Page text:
So, some great places to see seals and sea lions include:
- Montague Island in New South Wales.
- Philip Island in Victoria, where I’ve been, and there’s a great place there that you can check them out at ‘Seal Rock’.
- Seal Bay in South Australia.
- And Shoalwater Marine Park near Perth in Western Australia.
A breeding colony – a large congregation of individuals of one or more species of animal that come to breed in proximity at a particular location.
A caterpillar-like crawl – an act of moving on one’s stomach or dragging one’s body along the ground like how a butterfly larva moves.
A chemical contaminant – a compound or substance toxic to plants and animals in waterways.
A competitor – a person or entity which is a rival against another.
A flipper – a broad flat limb without fingers, used for swimming by various sea animals such as seals, whales, and turtles.
A fore limb – a leg or arm at the front of the body.
A galloping-like motion – a movement similar to how a horse runs at full speed.
A great deal more – many more; a much larger number.
A grunt – a low, short guttural sound made by an animal or a person.
A hind limb – an appendage at the rear of an animal.
A mammal – a warm-blooded vertebrate animal of a class that is distinguished by the possession of hair or fur, females that secrete milk for the nourishment of the young, and (typically) the birth of live young.
A paddle – a short pole with a broad blade at one or both ends, used without a rowlock to move a small boat or canoe through the water.
A remnant population – a small number of animals in a group that remains after the greater part has been killed or disappeared.
A rival – a person or thing competing with another for the same objective or for superiority in the same field of activity.
A species – a group of living organisms consisting of similar individuals capable of exchanging genes or interbreeding. The species is the principal natural taxonomic unit, ranking below a genus and denoted by a Latin binomial, e.g. Homo sapiens.
A walrus – a large gregarious marine mammal related to the eared seals, having two large downward-pointing tusks and found in the Arctic Ocean.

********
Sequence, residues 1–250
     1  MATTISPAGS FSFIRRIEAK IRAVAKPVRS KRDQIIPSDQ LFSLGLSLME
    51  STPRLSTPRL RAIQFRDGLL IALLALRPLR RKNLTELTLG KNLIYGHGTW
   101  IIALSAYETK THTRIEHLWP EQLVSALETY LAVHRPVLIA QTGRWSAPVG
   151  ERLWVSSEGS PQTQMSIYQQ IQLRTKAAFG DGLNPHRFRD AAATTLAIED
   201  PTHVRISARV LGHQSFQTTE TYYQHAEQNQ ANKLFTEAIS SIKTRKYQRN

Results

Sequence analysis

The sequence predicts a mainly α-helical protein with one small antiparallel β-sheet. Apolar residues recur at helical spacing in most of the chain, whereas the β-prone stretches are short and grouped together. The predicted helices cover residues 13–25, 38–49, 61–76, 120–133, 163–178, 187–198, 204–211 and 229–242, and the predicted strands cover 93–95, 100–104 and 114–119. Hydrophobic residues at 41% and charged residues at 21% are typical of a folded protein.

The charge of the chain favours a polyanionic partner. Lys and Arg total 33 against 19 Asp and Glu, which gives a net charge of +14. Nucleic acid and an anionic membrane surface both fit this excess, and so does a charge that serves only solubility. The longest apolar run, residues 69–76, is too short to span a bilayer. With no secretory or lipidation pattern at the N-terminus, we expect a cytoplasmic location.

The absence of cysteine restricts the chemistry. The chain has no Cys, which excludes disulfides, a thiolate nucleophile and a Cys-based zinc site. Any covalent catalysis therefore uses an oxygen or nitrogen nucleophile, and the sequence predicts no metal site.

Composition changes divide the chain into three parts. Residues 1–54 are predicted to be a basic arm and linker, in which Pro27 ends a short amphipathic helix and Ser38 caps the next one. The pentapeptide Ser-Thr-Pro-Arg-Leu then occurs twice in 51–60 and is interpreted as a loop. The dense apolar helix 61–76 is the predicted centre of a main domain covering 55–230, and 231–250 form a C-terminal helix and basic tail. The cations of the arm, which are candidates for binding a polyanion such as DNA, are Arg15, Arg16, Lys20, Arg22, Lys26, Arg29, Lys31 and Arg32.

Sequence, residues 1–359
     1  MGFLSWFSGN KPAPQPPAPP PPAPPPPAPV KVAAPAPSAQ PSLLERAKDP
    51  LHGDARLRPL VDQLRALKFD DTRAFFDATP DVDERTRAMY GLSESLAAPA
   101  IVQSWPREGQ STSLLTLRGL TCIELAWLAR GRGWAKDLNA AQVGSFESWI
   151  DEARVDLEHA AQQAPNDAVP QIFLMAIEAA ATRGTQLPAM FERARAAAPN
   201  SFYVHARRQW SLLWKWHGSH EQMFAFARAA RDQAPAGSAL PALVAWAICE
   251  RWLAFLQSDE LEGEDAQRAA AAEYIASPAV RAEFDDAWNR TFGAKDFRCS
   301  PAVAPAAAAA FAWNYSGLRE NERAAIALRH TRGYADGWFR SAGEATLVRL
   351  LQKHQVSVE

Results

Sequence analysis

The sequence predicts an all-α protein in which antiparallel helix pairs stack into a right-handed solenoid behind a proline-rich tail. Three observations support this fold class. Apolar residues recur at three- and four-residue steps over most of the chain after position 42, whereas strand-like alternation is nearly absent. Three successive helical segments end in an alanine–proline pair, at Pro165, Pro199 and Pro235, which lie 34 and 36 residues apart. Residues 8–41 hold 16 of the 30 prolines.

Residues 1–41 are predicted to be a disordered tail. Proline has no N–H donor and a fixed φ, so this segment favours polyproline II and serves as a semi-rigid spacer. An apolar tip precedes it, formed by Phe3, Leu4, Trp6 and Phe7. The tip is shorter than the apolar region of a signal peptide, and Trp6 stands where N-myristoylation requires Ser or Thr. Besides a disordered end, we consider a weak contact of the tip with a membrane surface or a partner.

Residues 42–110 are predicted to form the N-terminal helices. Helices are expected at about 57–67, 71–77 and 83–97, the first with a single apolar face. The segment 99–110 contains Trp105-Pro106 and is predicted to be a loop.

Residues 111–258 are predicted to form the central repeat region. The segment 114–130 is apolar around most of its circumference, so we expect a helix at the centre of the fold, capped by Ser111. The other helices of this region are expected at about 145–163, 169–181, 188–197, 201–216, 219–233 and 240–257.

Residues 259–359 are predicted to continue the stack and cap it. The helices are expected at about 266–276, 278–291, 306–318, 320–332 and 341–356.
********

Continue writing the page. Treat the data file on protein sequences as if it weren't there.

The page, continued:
Alike – in the same or a similar way.
An appendage – a projecting part of an invertebrate or other living organism, with a distinct appearance or function.
An oil spill – an escape of oil into the sea or other body of water.
Aquatic – relating to water.
Aussie territory – The states and territories are the first-level administrative divisions of the Commonwealth of Australia.
Bounce back – to start to be successful again after a difficult period, for example after experiencing failure, loss of confidence, illness, or unhappiness
Check ST out – examine ST; look at ST.
Developed – (of an animal or part of the body) having specified physical proportions.
Dexterous – showing or having skill, especially with the hands.
Dignified – having or showing a composed or serious manner that is worthy of respect.
Direct – without intervening factors or intermediaries.
Docile – ready to accept control or instruction; submissive.
Driven by profit – motivated by making money from selling something.
Elongated – made longer, especially unusually so in relation to its width.
Food supply – a stock of food supplied or available for use.
Gallop – run in the manner that a horse runs.
Gregarious – (of animals) living in flocks or loosely organized communities.
Hop – (of a person) move by jumping on one foot.
Human disturbance – the interruption of a settled and peaceful condition by people.
Indirect – not directly caused by or resulting from something.
Passive – accepting or allowing what happens or what others do, without active response or resistance.
Reproduce – (of an organism) produce offspring by a sexual or asexual process.
Resort to ST – turn to and adopt (a course of action, especially an extreme or undesirable one) so as to resolve a difficult situation.
Restraint – a measure or condition that keeps someone or something under control.
Show up – arrive; appear.
Skin-covered – covered by a layer of body tissue.
Social – needing companionship and therefore best suited to living in communities.
Solitary – done or existing alone.
Swivel ST – turn around a point or axis or on a swivel.
These guys… – these things… “guys” often used informally/casually.
To the detriment of ST – If something happens to the detriment of something or to a person’s detriment, it causes harm or damage to them.
Up to + amount – as many as + amount.
Wipe ST out – completely annihilate or destroy ST.
With a bit of luck – if you’re fortunate.